Two very invasive species — the predatory lionfish and Caulerpa seaweed (aka “killer algae”) — have reportedly come from the aquarium trade. The lionfish, which has established itself along the East Coast where it eats smaller fish and threatens reef ecological systems, has not yet reached California waters, but the Caulerpa seaweed cost California more than $6 million to eradicate from two Southern California lagoons a decade ago.
At least 34 aquarium species were found to be potential invaders in California marine waters.
“Globally, the aquarium trade has contributed a third of the world’s worst aquatic and invasive species,” Williams said. "Lionfish are voracious predators in their native habitats, and in their invaded habitat any predator is a potential threat to the native ecosystem."
Williams’ advice: "To avoid releasing aquarium species into natural water, don’t dump your aquarium where they can become an expensive and harmful pests.”
She said that people should contact the vendor where the fish was purchased or the California Department of Fish and Wildlife to learn how to dispose of aquarium species responsibly.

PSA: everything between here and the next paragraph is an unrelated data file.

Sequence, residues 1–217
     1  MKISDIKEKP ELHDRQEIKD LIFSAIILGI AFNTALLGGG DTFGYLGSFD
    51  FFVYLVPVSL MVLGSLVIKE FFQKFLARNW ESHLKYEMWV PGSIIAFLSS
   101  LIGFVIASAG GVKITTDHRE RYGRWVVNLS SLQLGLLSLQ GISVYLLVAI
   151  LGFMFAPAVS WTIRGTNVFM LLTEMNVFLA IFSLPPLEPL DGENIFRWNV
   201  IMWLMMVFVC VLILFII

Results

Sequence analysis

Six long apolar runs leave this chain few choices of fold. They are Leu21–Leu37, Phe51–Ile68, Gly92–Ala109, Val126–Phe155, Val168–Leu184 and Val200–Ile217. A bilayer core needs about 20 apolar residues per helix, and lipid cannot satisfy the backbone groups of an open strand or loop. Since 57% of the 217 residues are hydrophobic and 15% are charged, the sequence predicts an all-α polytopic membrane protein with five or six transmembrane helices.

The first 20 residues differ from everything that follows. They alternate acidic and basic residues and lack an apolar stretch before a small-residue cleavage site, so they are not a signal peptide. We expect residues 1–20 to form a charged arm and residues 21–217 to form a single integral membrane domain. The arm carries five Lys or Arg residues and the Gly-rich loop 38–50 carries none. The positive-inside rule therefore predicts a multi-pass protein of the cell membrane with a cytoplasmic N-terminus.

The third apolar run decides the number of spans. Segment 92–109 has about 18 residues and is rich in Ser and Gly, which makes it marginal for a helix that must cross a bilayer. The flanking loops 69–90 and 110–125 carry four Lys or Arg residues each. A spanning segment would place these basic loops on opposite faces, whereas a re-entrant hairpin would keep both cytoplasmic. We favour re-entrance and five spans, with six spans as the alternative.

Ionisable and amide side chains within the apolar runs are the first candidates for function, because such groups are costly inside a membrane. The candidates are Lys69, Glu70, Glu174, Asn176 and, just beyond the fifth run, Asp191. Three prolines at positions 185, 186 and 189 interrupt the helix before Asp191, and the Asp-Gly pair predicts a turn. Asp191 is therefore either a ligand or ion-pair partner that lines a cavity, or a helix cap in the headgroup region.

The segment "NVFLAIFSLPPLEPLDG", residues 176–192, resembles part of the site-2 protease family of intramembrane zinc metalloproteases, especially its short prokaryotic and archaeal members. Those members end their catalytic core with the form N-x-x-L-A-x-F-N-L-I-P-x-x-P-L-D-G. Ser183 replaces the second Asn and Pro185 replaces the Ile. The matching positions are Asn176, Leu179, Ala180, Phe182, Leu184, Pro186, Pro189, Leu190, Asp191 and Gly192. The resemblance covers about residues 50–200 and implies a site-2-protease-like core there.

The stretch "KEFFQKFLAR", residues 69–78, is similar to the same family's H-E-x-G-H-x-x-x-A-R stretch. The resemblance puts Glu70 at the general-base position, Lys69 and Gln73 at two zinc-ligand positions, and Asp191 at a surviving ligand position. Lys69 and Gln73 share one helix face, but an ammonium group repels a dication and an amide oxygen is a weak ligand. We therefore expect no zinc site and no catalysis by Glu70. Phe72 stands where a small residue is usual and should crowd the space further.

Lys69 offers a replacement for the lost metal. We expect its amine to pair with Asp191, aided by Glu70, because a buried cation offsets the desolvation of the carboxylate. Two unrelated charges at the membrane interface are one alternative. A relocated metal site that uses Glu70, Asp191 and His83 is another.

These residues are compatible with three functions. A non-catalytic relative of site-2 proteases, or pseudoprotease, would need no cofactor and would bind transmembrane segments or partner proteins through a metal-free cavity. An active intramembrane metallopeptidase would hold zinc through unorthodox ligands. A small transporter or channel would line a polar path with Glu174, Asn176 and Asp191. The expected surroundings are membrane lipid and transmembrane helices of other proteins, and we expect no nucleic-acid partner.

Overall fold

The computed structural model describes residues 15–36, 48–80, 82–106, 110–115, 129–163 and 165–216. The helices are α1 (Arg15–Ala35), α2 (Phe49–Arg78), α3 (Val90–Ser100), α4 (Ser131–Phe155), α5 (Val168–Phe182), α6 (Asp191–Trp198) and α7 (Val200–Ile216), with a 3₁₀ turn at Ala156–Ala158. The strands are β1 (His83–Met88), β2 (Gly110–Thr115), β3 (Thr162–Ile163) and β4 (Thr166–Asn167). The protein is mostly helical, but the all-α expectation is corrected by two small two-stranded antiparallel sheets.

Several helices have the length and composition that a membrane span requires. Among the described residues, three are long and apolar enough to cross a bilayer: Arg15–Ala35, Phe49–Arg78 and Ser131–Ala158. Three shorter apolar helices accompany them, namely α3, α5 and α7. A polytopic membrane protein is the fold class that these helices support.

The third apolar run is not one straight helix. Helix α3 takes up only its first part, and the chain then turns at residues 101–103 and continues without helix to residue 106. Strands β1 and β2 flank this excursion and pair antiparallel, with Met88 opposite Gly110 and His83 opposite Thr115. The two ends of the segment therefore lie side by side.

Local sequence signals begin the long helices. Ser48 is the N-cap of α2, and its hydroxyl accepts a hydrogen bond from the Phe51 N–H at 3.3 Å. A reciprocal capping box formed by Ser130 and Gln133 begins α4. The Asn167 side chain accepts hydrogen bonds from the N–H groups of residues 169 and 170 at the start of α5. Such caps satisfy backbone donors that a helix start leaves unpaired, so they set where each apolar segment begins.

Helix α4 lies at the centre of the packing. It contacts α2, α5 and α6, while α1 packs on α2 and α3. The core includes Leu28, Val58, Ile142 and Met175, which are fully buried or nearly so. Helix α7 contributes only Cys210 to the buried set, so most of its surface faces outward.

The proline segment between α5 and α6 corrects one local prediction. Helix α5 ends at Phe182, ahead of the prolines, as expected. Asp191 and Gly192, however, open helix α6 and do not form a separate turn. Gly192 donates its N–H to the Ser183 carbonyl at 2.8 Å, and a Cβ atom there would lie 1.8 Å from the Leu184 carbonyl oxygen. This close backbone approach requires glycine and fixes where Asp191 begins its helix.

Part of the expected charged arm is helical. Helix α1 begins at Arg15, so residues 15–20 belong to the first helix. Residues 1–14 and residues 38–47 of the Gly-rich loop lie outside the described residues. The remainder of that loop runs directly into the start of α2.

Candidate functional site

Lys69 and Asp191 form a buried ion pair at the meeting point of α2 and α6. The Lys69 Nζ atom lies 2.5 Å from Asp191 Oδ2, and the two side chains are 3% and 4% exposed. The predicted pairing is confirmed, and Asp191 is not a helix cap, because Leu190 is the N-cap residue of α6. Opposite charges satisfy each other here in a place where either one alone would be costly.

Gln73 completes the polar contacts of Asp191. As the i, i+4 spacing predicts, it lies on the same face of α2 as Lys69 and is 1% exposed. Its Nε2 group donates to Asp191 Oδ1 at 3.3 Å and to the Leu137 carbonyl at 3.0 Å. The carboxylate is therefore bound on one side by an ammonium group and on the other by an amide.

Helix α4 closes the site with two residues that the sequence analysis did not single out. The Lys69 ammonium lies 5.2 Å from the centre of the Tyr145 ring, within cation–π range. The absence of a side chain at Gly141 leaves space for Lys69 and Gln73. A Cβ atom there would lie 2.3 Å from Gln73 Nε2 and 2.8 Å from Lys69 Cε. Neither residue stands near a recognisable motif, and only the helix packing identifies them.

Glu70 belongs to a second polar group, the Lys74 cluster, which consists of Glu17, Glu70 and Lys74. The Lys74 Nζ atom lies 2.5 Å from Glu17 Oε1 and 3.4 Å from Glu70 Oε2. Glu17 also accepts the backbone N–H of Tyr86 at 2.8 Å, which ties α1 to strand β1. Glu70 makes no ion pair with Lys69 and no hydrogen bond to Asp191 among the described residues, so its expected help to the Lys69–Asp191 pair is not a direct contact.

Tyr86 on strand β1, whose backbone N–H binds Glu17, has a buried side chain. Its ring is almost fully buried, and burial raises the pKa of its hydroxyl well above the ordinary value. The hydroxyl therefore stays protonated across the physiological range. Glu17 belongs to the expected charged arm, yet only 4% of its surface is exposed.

- Complete UC Davis news release, by Kat Kerlin
- Our AmazingPlanet report
- Environmental News Network report
- Science on NBC News report
I was reading an article in my latest issue of YANKEE MAGAZINE about invasive plants in New England. I know that you’re wondering why a Native Californian would be reading a “foreign” magazine like that. Interesting articles, good recipes, and, of course, problems we don’t have in California – except for some of invasive plants! Right off the bat, I didn’t recognize some of the plant names: Giant Hogweed (Heracleum mantegazzianum), Japanese Stilt Grass (Microstegium vimineum), but others were quite familiar. Multiflora Rose (Rosa multiflora), any one, or how about Tree-of-Heaven (Ailanthus altissima). Black Locust (Robinia pseudoacacia) is quite the pest back East and is a pest here – plant one tree and some you can have your own forest! Norway Maple (Acer platanoides) doesn’t have many enthusiasts anywhere and how about Purple Loosestrife (Lythrum salicaria)?
Why are these plants considered as pests; the answer is very simple: all of these are plants which are not fussy about soil, location or water needs. They would grow in concrete as my mother used to say. They crowd out the native plants and trees which have their own niches in the eco-system and thus eliminate the variety in the landscape.